Can Google Ever Be a Fair Search Engine?
- November 09, 2011
- Bradley Taylor
With all of Google’s latest updates, one can’t help but notice that with the Panda update they seem to be echoing the classic proverb of ‘calling the kettle black.’
After all, how can a search engine claim they want a completely fair and unbiased platform that’s in favor of sites with a low volume of adverts and spam when they allow sites plastered with ‘toxic ads’ to sign up to Adsense and then rank?
Looking For A Solution
Despite Google being adamant that revenue isn’t a factor in their updates, it seems that at least one thing is finally out in the open – even Google has admitted it doesn’t always know what it’s doing. In a recent interview with Wired.com, when asked the question, “How do you recognize a shallow-content site?” Google’s own representative Amit Singhal responded, “That’s a very, very hard problem that we haven’t solved.”
How To Work With Google, Not Against It
Well, the answer is … there is no answer. Despite Google’s self-acclaimed divine status, it isn’t perfect and unfortunately we have to accept that (as much as it pains me at times). What we can take from the recent update is that Google is finally making an effort to crackdown on less-scrupulous sites; sites which are, unfortunately, ubiquitous in the gambling industry.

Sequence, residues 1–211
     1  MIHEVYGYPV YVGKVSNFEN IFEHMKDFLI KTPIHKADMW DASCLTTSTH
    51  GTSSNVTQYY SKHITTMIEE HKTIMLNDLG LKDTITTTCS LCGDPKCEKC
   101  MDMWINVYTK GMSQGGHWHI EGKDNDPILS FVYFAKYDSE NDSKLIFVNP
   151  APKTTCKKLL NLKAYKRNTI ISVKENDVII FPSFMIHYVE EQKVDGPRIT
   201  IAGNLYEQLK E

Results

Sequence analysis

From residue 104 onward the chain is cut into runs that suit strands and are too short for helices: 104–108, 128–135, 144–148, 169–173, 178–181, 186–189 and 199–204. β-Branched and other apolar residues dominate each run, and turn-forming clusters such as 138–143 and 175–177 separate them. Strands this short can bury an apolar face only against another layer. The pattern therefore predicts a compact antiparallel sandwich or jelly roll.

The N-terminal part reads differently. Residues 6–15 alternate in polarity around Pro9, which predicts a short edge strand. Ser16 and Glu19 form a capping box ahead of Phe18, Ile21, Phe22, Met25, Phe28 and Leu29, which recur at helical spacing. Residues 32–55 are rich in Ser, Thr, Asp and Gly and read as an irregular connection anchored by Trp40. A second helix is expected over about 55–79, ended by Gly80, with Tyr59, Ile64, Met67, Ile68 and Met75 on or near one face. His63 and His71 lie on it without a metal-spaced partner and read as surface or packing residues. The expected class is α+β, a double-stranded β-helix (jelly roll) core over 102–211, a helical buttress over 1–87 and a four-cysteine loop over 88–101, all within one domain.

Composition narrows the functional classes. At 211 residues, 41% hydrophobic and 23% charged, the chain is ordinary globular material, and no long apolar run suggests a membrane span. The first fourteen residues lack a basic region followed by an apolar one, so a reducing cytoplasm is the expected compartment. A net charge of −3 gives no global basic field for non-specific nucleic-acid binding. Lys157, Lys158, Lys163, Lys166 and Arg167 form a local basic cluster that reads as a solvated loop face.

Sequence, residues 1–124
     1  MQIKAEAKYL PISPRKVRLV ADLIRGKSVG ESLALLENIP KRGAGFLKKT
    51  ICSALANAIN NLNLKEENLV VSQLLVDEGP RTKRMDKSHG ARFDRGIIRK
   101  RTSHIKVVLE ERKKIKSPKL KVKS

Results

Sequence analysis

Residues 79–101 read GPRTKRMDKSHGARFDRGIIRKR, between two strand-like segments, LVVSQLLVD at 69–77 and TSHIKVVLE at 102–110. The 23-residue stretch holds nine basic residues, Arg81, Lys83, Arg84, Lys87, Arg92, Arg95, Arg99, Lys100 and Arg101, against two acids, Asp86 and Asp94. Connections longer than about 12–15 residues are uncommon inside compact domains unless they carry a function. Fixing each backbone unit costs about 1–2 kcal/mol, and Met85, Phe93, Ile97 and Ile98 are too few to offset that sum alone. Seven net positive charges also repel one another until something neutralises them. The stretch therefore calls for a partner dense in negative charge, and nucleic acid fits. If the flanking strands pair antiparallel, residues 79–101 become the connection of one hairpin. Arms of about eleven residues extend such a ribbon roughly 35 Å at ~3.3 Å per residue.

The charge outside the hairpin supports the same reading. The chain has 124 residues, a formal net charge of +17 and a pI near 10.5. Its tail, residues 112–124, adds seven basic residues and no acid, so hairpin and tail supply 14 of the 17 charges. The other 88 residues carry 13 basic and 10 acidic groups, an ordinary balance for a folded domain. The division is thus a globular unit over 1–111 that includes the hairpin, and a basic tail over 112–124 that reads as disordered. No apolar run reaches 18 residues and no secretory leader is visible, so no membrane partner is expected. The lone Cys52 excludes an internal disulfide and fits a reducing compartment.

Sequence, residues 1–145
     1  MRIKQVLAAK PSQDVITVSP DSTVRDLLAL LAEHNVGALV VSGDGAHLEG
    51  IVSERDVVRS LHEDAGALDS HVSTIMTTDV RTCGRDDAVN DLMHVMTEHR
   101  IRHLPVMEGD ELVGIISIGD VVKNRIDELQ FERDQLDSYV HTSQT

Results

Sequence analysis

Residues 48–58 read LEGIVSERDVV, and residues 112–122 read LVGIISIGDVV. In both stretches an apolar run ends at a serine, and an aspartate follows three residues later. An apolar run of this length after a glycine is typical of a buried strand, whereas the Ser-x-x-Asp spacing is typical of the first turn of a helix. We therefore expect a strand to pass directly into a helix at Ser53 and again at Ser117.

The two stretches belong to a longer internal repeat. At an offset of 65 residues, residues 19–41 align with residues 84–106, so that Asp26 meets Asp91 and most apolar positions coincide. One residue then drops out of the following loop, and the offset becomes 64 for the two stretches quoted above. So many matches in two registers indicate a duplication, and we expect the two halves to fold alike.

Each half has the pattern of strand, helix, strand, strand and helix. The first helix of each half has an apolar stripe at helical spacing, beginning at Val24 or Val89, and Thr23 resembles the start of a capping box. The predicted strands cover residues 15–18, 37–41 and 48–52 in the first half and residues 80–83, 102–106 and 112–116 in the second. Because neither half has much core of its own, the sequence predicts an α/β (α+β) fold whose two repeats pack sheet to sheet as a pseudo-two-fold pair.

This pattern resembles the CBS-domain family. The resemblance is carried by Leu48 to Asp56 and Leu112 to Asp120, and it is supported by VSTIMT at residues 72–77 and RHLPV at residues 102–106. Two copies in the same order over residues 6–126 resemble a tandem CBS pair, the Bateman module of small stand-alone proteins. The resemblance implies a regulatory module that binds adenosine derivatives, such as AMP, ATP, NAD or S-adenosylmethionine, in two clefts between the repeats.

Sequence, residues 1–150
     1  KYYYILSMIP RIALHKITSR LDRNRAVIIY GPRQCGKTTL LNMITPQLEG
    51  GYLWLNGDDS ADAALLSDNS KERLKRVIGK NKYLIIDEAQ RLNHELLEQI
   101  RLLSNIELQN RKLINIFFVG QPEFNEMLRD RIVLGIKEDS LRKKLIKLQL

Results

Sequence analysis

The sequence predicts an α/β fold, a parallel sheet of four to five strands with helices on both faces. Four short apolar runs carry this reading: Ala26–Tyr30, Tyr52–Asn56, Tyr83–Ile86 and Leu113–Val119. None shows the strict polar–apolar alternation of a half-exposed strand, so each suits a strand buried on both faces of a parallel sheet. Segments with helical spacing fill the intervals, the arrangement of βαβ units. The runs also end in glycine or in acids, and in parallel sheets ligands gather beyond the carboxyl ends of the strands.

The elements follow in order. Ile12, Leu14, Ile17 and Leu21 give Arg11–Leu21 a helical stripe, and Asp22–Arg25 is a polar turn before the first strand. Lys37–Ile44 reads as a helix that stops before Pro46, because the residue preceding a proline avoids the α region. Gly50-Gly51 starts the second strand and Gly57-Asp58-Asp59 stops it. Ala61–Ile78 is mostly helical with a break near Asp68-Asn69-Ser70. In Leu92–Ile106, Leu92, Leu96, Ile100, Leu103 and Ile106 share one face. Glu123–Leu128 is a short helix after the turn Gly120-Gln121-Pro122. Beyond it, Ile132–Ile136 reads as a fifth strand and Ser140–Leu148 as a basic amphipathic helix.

So in the meantime, when we see our sites suddenly drop a few positions to a bunch of good-for-nothing spammers, we will have to make do with the age-old “Report This Site” feature and hope that one day Google will actually find a cure for this online pestilence that cheats hard-working affiliates out of their money.
Remember though, just because Google hasn’t caught you yet for using sub-par content and high-volumes of ads, it doesn’t mean it won’t! Don’t take a chance; spend a little bit of extra time making sure your site means something. After all, when readers get to your site, nothing will turn them away quicker than a bunch of poorly written articles and a minefield of flashing banners.
written by Daniel Laming